After that, the Philippian magistrates demanded that Paul and Silas leave Philippi. They traveled to Thessalonica where they preached the gospel and many put their trust in Jesus Christ alone for their salvation during the apostles' brief stay.
While Paul was in Thessalonica, he taught the new believers many doctrines of the Christian faith, including the doctrine of the imminent second coming of Jesus Christ. Based on this teaching, some people stopped working. No doubt they reasoned that if Jesus was about to come, what would be the use of continuing to work? So these people stopped planting, harvesting, and working for a living. There was one problem--they soon became hungry. When that happened, the idle people began to depend on other believers who were still working for their food. Not only did they not labor, they interfered with the labor of others. They became idle, disorderly gossips. They were not busy but busybodies, Paul says.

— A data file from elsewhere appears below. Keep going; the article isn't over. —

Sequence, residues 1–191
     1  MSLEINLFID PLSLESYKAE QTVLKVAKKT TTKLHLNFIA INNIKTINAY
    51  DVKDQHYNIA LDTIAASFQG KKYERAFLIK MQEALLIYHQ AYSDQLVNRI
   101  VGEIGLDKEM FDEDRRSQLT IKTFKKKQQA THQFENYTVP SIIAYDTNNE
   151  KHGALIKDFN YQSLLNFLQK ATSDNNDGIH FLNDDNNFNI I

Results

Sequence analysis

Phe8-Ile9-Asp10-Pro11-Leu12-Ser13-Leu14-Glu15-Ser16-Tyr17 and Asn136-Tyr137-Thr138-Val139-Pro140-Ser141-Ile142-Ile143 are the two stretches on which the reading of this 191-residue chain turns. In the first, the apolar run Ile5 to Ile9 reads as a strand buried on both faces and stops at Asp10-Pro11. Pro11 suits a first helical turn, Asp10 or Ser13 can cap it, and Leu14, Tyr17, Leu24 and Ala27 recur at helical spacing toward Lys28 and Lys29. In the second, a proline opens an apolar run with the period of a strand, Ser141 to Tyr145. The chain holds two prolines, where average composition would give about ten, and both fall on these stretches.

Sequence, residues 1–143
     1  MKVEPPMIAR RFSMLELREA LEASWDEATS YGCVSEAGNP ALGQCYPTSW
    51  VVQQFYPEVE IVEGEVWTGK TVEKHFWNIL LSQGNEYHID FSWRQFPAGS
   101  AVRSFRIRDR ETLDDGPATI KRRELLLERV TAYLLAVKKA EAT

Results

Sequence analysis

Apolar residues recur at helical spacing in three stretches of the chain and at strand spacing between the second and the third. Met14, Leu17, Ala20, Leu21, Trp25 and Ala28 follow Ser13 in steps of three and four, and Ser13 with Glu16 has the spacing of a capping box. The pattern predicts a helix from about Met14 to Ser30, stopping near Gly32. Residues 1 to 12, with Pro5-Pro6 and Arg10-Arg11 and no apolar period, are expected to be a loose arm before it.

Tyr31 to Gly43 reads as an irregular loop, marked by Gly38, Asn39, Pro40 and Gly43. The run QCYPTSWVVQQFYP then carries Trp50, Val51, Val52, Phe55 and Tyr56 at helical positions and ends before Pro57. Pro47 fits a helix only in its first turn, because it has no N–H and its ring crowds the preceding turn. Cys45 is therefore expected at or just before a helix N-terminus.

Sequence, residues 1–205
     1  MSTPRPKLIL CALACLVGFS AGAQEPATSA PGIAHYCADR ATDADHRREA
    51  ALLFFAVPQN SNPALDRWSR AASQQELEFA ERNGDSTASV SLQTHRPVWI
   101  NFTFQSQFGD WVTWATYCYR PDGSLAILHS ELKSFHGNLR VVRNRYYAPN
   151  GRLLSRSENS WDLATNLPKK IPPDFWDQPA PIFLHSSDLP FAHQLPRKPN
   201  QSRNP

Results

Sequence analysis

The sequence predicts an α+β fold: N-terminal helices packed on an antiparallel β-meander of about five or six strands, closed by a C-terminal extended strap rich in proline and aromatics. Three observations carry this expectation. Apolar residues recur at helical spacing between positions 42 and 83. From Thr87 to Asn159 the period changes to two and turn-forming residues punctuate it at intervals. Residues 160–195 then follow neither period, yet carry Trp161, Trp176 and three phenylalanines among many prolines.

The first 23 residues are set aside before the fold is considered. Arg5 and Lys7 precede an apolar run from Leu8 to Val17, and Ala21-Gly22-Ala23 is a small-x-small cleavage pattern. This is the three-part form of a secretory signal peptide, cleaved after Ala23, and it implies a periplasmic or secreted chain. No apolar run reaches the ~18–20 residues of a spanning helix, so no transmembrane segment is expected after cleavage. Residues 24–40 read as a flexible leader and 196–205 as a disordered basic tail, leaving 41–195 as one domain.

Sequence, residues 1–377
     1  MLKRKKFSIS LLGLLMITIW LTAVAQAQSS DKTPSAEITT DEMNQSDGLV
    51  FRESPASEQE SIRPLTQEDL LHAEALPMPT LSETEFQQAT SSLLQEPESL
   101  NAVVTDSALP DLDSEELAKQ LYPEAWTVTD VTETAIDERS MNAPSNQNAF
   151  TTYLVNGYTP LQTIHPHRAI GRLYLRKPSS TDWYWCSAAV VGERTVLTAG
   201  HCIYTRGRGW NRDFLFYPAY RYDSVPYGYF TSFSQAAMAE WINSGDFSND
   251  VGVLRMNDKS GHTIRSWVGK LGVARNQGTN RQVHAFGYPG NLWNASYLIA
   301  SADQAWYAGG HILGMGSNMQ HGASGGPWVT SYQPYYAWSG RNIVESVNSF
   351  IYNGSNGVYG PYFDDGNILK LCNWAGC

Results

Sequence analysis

So Paul warned the Thessalonians several times about the danger of being idle. He warned them when he was with them and in both of the epistles that he wrote after he left Thessalonica.
Warning Against Idleness
In verse 6 of 2 Thessalonians 3 we read, "In the name of the Lord Jesus Christ, we command you, brothers, to keep away from every brother who is idle," and in verse 10 we read, "For even when we were with you, we gave you this rule." Paul was referring to the oral teaching that he gave when he was in Thessalonica the first time. When he was there, he saw these drones, these pious frauds, who covered their sin of idleness in the shroud of piety. What rule did he give them? "If a man will not work, he shall not eat."
But the Thessalonians did not pay any attention to this apostolic warning, and so a few months later, when Paul wrote his First Epistle to the Thessalonians, he again exhorted these lazy Christians who were living as social parasites in violation of the fourth commandment.